Ok. You probably do not remember if it was pre tax or after tax?

Customer: replied 1 month ago.
I don't know if I kept a copy of the tax form filed, but I could look it up. The attorney had instructed me to file a "hardship withdrawal" on a specific form, but it clearly looks as if MetLife incorrectly processed my request as a "Loan" and continues to report to me as loan balance due and interest that has accumulated since the "loan." The attorney had confirmed that my retirement account could be used for "educational" purposes, allowable under the "hardship withdrawal" option, and the withdrawal had a one-time inclusion as "taxable income" that was used to pay my son's school.
Expert:  emc011075 replied 1 month ago.

Employer sponsored retirement plans, the type that comes out of your paycheck and the employer may or may not make matching contributions are usually pre tax. Which means, they are always taxed when distributed, regardless what the funds are used for. A hardship distribution does not receive a preferential treatment, in opposite, a hardship distribution before 59 1/2 is subject to penalty and income tax. The IRS does not favor hardship distributions at all.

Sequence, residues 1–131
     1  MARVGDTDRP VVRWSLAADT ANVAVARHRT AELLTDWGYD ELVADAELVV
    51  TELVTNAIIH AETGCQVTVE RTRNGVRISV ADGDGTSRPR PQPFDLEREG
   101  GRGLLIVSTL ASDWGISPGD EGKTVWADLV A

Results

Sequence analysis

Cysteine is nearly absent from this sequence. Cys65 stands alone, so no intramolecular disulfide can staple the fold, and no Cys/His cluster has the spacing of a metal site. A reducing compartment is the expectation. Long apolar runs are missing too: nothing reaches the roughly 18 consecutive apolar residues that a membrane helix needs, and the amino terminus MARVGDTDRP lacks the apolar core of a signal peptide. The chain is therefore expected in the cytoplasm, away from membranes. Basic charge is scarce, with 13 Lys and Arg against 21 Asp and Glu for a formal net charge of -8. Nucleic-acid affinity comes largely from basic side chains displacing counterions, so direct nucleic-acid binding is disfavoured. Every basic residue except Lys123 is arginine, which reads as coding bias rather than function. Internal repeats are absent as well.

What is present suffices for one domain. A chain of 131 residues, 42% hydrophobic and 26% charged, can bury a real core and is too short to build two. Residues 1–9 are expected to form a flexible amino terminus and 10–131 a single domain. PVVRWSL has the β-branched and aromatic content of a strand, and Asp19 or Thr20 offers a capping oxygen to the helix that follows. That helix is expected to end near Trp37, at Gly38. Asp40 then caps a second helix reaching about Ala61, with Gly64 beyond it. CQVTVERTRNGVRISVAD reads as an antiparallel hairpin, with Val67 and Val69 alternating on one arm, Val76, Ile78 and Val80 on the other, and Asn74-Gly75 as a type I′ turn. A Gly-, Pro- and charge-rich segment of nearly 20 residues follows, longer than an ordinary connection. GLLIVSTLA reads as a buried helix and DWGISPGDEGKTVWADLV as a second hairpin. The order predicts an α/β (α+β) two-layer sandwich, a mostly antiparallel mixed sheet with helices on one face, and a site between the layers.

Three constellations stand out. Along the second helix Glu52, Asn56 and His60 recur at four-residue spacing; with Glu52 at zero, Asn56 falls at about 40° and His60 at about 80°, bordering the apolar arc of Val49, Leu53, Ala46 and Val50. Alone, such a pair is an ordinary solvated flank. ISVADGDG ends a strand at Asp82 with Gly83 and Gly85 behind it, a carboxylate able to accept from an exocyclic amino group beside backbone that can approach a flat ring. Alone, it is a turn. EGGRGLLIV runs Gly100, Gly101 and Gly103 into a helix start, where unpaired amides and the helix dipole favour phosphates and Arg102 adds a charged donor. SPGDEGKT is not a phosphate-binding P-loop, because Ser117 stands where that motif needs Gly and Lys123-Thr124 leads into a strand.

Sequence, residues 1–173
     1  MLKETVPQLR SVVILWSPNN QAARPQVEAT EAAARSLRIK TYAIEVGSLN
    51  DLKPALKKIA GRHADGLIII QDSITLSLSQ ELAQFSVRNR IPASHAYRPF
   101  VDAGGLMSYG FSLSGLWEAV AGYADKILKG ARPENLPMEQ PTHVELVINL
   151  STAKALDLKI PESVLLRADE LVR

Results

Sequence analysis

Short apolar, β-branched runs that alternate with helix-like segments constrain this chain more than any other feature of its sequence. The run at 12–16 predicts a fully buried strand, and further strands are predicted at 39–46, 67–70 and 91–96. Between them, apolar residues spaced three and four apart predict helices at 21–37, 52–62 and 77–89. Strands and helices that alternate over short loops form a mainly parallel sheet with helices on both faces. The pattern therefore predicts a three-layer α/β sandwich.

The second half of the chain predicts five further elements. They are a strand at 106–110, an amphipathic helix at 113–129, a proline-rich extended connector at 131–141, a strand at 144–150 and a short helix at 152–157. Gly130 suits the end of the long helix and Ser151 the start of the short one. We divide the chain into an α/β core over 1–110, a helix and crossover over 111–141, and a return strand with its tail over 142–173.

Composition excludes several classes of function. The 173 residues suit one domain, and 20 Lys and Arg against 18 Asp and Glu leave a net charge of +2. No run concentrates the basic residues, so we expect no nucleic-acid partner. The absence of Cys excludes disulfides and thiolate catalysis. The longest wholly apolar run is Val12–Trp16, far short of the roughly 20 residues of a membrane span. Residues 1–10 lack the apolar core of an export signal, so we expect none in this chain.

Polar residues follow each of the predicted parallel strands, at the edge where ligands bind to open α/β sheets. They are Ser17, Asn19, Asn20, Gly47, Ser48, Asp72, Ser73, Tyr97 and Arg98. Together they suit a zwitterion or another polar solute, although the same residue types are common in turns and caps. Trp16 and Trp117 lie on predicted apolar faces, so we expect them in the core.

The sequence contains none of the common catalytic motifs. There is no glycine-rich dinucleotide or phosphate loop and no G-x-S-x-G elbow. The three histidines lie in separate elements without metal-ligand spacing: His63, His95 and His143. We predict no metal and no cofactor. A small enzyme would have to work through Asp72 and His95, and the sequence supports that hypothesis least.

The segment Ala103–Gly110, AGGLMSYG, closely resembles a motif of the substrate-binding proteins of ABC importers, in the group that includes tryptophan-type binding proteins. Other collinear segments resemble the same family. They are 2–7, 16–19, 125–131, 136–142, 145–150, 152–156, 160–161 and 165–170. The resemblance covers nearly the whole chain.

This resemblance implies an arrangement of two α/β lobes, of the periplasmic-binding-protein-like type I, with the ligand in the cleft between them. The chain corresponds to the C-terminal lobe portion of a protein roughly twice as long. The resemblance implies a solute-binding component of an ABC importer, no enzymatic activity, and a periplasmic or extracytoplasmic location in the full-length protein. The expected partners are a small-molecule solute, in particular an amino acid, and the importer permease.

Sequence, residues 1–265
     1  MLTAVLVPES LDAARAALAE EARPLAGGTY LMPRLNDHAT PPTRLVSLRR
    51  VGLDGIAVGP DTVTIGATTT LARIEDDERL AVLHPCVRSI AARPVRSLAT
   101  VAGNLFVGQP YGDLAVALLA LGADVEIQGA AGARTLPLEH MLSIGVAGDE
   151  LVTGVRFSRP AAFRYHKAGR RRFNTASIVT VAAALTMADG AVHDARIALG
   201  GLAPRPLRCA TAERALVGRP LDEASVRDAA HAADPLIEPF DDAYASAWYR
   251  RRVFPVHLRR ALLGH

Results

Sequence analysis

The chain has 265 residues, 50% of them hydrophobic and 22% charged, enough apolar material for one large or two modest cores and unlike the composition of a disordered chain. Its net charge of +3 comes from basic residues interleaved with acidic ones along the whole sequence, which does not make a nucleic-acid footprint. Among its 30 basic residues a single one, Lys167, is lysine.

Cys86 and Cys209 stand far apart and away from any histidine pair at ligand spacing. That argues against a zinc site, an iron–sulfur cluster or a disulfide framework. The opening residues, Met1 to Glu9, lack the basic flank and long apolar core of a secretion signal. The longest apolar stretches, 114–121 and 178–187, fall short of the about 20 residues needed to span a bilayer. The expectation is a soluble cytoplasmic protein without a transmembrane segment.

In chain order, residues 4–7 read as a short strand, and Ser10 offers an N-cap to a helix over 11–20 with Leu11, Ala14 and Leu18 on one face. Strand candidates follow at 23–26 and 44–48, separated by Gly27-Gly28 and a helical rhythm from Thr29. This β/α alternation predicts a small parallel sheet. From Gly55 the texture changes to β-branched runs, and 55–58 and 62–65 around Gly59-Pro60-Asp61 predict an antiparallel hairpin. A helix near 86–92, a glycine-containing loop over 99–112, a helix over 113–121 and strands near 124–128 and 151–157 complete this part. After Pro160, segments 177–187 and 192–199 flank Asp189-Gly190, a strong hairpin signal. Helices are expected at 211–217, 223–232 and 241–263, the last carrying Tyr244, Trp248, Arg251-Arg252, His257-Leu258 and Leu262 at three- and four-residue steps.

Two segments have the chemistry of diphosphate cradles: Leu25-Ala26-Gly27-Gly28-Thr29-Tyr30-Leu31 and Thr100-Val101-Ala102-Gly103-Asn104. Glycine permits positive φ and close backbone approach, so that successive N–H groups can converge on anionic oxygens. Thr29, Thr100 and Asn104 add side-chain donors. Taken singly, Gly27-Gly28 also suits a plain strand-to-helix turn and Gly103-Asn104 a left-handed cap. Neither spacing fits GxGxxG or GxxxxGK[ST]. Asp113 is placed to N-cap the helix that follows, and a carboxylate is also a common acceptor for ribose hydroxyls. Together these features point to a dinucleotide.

The penalty exception for education is only available for distributions from IRA (individual retirement accounts, not employer sponsored).

If the Metlife processed the distribution as a loan and you missed the payment or left the employer before you paid off the remaining balance, the "loan" was automatically converted to a distribution.

Hardship distributions are not allowed from IRAs so unless you had ROTH type of account, the entire distribution would be taxable.

Expert:  emc011075 replied 1 month ago.

Did Metlife issued you any type of 1099R form?

Customer: replied 1 month ago.